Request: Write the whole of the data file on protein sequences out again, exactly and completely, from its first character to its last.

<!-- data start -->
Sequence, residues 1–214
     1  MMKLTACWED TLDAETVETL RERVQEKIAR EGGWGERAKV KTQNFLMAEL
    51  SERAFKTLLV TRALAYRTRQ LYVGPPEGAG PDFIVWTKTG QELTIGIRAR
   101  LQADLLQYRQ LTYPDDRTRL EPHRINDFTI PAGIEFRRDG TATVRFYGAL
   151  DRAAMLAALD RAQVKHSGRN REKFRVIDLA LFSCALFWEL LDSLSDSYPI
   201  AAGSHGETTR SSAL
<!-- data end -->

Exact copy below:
Sequence, residues 1–214
     1  MMKLTACWED TLDAETVETL RERVQEKIAR EGGWGERAKV KTQNFLMAEL
    51  SERAFKTLLV TRALAYRTRQ LYVGPPEGAG PDFIVWTKTG QELTIGIRAR
   101  LQADLLQYRQ LTYPDDRTRL EPHRINDFTI PAGIEFRRDG TATVRFYGAL
   151  DRAAMLAALD RAQVKHSGRN REKFRVIDLA LFSCALFWEL LDSLSDSYPI
   201  AAGSHGETTR SSAL